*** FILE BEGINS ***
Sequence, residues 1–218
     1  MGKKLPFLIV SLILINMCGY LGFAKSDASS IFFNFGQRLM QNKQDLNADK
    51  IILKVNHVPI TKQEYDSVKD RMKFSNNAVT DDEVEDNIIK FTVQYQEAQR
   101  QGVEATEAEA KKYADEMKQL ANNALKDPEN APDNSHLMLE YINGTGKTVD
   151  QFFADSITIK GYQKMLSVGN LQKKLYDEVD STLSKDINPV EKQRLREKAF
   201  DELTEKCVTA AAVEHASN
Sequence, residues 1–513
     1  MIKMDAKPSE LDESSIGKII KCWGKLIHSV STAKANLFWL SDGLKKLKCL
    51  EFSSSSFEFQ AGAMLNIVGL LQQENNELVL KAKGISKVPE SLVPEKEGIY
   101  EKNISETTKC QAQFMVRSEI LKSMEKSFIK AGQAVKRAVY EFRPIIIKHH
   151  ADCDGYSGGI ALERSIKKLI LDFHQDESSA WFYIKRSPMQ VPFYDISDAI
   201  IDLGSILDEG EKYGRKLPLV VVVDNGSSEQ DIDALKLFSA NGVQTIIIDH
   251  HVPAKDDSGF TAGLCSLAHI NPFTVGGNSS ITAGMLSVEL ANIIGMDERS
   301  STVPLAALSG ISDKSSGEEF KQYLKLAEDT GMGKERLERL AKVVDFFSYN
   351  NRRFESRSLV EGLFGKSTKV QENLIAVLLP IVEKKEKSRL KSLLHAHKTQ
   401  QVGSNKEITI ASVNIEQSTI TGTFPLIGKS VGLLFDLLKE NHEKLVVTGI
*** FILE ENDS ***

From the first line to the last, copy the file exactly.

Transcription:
Sequence, residues 1–218
     1  MGKKLPFLIV SLILINMCGY LGFAKSDASS IFFNFGQRLM QNKQDLNADK
    51  IILKVNHVPI TKQEYDSVKD RMKFSNNAVT DDEVEDNIIK FTVQYQEAQR
   101  QGVEATEAEA KKYADEMKQL ANNALKDPEN APDNSHLMLE YINGTGKTVD
   151  QFFADSITIK GYQKMLSVGN LQKKLYDEVD STLSKDINPV EKQRLREKAF
   201  DELTEKCVTA AAVEHASN
Sequence, residues 1–513
     1  MIKMDAKPSE LDESSIGKII KCWGKLIHSV STAKANLFWL SDGLKKLKCL
    51  EFSSSSFEFQ AGAMLNIVGL LQQENNELVL KAKGISKVPE SLVPEKEGIY
   101  EKNISETTKC QAQFMVRSEI LKSMEKSFIK AGQAVKRAVY EFRPIIIKHH
   151  ADCDGYSGGI ALERSIKKLI LDFHQDESSA WFYIKRSPMQ VPFYDISDAI
   201  IDLGSILDEG EKYGRKLPLV VVVDNGSSEQ DIDALKLFSA NGVQTIIIDH
   251  HVPAKDDSGF TAGLCSLAHI NPFTVGGNSS ITAGMLSVEL ANIIGMDERS
   301  STVPLAALSG ISDKSSGEEF KQYLKLAEDT GMGKERLERL AKVVDFFSYN
   351  NRRFESRSLV EGLFGKSTKV QENLIAVLLP IVEKKEKSRL KSLLHAHKTQ
   401  QVGSNKEITI ASVNIEQSTI TGTFPLIGKS VGLLFDLLKE NHEKLVVTGI